On 16 October 2017, researchers announced that they have witnessed a collission between two neutron stars for the first time ever.
On Monday 24 April, the Commission awarded, for the first time, Seal of Excellence certificates to more than 2 300 researchers...
To mark this milestone, thirty highly promising researchers have been selected to showcase the EU's actions dedicated to excellence and worldwide mobility in research.
The Marie Skłodowska-Curie actions, named after the double Nobel Prize winning Polish-French scientist famed for her work on radioactivity, support researchers at all stages of their careers, irrespective of nationality. Researchers working across all disciplines, from life-saving healthcare to 'blue-sky' science, are eligible for funding. The MSCA also support industrial doctorates, combining academic research study with work in companies, and other innovative training that enhances employability and career development.
In addition to generous research funding, scientists have the possibility to gain experience abroad and in the private sector, and to complete their training with competences or disciplines useful for their careers. More information about various funding schemes and requirements for applying is available below.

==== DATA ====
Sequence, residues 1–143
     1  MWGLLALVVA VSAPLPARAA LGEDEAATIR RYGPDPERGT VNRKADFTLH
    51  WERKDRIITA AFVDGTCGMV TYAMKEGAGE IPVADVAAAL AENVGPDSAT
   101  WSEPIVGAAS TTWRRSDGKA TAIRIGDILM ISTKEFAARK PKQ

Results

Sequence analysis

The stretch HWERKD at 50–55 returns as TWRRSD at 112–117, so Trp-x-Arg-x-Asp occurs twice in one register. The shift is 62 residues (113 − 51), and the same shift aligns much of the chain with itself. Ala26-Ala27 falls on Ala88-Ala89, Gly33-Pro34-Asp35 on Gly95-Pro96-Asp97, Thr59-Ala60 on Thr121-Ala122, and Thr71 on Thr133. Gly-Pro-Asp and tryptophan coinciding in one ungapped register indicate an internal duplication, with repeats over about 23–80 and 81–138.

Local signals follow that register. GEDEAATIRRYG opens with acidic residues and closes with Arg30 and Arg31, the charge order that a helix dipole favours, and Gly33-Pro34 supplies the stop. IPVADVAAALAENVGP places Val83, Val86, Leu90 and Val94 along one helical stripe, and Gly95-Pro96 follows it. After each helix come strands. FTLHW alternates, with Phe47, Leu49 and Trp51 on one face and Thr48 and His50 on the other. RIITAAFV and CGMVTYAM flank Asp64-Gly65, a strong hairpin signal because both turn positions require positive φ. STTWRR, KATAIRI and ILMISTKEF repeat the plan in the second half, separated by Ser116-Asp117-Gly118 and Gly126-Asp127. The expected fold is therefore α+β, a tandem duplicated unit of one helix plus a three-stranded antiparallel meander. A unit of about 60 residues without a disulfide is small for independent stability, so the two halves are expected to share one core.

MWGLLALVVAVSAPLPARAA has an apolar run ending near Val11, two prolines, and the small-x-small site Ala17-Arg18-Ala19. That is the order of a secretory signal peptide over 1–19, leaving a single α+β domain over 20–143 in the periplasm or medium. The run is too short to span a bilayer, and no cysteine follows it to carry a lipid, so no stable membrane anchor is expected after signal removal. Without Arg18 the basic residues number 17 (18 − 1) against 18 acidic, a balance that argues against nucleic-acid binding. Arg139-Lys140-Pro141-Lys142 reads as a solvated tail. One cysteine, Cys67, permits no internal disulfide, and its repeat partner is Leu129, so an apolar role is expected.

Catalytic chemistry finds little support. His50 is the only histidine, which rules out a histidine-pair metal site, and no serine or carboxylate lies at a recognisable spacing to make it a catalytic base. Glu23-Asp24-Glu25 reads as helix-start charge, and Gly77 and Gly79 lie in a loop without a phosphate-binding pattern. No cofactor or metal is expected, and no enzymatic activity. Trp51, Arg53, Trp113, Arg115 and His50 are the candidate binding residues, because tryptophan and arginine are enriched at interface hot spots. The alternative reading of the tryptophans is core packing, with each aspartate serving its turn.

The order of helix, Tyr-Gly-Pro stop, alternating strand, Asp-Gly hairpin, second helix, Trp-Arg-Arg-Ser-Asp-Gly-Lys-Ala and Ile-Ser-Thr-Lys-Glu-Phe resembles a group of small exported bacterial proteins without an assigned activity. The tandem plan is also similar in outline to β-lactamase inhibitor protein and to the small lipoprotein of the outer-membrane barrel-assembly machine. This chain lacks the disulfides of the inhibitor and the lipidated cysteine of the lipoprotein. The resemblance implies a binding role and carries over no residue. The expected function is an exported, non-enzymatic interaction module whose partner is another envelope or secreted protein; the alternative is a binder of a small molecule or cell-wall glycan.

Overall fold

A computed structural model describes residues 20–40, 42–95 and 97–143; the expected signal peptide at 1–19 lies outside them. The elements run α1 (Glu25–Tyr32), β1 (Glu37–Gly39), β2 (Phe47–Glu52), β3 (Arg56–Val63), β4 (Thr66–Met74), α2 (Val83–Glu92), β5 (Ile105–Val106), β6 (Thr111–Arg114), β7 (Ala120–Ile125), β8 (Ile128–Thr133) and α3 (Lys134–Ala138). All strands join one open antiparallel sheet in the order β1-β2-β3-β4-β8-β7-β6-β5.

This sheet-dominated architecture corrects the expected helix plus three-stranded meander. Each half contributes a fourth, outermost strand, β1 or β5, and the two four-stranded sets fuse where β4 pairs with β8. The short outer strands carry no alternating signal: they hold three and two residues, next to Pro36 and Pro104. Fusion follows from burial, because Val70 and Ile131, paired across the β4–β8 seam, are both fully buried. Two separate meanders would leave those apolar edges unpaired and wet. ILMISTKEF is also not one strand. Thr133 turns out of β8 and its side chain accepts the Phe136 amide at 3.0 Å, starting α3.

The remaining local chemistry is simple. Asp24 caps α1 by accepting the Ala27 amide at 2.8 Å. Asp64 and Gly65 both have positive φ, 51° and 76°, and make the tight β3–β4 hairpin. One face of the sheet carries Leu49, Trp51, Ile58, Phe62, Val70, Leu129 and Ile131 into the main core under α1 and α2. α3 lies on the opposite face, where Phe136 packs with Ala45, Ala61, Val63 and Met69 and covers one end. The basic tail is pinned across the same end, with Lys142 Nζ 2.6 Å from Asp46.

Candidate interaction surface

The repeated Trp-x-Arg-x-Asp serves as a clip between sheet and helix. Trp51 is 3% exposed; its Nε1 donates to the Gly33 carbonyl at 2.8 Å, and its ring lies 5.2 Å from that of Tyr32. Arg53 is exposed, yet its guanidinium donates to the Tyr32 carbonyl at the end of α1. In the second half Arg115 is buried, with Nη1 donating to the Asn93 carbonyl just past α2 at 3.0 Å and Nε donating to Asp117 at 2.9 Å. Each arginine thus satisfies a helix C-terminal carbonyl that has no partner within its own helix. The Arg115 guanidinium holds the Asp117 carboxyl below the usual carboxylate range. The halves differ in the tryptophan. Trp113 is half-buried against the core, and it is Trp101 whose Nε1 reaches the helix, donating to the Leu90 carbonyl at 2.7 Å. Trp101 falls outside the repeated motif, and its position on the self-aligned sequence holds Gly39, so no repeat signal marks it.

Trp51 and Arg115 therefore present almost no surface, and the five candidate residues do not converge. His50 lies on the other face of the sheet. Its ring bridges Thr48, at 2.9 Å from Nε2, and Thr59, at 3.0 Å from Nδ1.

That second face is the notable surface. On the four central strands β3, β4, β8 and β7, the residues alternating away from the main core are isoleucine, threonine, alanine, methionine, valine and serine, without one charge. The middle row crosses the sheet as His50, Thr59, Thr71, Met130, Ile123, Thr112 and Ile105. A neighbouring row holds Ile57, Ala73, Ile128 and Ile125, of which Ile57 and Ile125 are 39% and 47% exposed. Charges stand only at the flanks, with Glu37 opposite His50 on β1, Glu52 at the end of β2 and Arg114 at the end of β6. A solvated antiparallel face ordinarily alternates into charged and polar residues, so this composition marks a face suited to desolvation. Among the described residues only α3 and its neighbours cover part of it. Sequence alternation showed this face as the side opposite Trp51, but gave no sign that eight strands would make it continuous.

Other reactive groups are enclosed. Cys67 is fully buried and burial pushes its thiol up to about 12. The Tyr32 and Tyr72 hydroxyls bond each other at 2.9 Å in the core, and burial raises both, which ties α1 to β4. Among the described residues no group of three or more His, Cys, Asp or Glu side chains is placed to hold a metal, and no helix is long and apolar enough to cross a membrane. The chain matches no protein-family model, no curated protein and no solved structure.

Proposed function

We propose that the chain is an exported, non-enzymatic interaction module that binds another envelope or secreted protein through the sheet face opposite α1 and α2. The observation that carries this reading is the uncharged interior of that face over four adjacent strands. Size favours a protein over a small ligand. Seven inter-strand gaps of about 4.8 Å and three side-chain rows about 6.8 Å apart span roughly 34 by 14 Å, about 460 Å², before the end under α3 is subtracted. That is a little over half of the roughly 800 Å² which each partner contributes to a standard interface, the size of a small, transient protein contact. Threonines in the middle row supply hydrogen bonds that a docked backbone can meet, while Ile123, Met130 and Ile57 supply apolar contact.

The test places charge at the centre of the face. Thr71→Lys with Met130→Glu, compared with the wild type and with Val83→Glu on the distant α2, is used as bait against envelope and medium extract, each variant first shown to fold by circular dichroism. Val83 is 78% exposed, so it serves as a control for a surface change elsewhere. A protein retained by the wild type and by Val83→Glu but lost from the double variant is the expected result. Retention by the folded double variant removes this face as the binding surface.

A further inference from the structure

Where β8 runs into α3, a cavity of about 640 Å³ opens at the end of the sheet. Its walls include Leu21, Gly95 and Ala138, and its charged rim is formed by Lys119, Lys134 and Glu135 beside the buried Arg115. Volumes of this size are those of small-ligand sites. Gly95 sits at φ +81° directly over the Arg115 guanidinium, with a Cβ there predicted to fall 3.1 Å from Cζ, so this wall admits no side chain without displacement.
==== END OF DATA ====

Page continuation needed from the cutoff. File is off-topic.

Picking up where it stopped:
A powerful tool for characterizing and classifying gamma-ray bursts (GRBs) to allow their use as tracers of the expansion history of the universe has recently been presented by an international team of researchers led by Dr. Maria Dainotti
Nine Marie Skłodowska-Curie actions (MSCA) fellows contributed to the preparation of the data on gravitational waves that led to the Nobel Prize in Physics on Tuesday 4 October.